Models for Thinking, Perception, Action.

—Patrick H. Winston, MIT

Many things can be AI, including simple programming. AI is the automation of thought.

—François Chollet, researcher and author of Keras

A field of study that gives computers the ability to learn without being explicitly programmed.

—Arthur Samuel, MIT. Samuel Checkers, 1957

If you're interested in artificial intelligence and machine learning, you should definitely follow @c_valenzuelab, @ml5js, and @runwayml.

OCTOBER 11, 2018

Autodesk AEC Generative Design Day in Barcelona. Kean Walmsley, Nono Martinez Alonso, Raquel Bascones Recio, & Safi Hage

Last week, I had a really good time at Generative Design Day, in Barcelona. I recently relocated from the US to Spain. This was a great opportunity to meet some Autodesk colleagues in person (among which were Raquel Bascones Recio, Kean Walmsley, Jacob Small, Paolo Serra, Safi Hage, and Reginald de Visscher); to talk about the next-generation AEC tools I'm working on at the Autodesk Generative Design team; and to meet some of our European customers.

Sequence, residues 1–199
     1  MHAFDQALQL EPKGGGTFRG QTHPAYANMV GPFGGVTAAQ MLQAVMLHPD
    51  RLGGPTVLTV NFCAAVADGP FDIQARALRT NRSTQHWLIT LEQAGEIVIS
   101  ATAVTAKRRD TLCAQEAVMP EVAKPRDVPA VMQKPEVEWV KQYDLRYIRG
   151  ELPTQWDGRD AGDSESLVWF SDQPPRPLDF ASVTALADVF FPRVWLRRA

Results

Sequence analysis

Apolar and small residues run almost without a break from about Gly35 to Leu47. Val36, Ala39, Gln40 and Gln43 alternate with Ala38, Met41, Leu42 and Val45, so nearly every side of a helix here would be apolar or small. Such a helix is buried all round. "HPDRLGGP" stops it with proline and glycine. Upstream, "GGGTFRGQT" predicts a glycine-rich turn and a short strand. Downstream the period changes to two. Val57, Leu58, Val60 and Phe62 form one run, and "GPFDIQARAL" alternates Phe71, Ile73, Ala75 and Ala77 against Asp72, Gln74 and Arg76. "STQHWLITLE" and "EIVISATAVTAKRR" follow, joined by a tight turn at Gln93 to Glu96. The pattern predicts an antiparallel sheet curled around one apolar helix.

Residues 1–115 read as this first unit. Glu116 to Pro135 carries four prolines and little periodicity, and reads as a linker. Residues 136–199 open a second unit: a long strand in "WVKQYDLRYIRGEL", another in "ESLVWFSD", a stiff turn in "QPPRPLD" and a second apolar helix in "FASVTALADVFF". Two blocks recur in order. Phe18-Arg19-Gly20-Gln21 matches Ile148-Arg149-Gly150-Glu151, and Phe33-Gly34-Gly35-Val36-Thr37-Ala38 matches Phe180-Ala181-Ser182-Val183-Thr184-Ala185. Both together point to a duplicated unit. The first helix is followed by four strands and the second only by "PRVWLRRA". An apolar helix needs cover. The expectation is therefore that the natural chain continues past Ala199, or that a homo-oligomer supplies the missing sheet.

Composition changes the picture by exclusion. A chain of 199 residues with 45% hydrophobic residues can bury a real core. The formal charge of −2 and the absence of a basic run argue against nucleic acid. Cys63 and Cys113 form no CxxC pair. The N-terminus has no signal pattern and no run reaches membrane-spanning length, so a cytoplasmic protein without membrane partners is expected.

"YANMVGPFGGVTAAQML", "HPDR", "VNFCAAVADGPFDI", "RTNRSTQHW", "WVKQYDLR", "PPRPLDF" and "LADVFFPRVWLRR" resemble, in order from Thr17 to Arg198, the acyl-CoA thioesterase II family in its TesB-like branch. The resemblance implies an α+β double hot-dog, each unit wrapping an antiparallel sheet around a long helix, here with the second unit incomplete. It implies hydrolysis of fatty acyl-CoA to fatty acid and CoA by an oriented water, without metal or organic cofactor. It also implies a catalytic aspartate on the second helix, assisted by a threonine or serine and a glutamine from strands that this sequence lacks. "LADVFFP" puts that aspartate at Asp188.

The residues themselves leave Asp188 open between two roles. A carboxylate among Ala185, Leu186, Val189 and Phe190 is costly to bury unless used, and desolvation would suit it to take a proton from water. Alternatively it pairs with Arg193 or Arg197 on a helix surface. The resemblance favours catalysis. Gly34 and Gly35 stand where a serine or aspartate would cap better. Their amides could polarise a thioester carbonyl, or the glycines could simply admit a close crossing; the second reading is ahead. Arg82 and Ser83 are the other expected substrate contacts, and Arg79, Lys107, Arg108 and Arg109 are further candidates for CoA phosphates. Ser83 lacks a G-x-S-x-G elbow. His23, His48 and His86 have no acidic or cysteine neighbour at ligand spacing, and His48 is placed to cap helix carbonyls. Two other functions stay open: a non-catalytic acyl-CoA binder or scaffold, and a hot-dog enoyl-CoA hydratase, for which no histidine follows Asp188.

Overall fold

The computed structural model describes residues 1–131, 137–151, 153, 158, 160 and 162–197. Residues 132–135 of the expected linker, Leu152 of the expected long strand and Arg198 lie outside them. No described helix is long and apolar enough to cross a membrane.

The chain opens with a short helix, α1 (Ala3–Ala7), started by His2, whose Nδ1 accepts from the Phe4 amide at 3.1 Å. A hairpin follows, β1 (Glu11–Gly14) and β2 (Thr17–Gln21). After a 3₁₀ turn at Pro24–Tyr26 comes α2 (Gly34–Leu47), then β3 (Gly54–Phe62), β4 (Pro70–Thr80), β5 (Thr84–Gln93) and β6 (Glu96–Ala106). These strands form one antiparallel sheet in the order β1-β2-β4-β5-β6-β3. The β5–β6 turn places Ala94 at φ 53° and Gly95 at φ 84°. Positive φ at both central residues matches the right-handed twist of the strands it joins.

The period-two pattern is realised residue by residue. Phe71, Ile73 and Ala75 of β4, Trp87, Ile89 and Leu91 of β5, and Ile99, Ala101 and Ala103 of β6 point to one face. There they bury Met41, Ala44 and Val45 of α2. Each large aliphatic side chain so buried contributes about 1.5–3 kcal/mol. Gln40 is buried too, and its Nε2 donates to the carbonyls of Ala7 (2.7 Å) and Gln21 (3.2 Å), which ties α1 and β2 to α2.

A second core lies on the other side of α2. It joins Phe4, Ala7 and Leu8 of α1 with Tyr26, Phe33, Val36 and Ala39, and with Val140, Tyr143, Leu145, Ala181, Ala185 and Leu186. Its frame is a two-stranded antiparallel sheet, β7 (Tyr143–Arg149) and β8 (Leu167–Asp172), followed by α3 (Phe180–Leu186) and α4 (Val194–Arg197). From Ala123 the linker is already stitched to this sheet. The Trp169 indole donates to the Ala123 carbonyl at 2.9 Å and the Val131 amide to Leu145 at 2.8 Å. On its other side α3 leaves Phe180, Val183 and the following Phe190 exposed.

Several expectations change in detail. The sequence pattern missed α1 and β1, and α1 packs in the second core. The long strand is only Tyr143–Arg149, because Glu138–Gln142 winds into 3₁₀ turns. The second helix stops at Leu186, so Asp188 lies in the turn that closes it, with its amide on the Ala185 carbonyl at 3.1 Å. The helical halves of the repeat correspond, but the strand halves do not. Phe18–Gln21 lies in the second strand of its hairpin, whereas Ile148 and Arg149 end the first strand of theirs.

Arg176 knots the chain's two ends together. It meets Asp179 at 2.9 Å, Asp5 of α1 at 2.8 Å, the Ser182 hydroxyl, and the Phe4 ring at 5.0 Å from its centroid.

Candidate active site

You can head over to Kean Walmsley's blog to read more about the event — these are my highlights from his post:

[Autodesk] had invited our larger customers from all over Europe to come and hear about the use of generative design technologies in the AEC space, both present and future.

[...]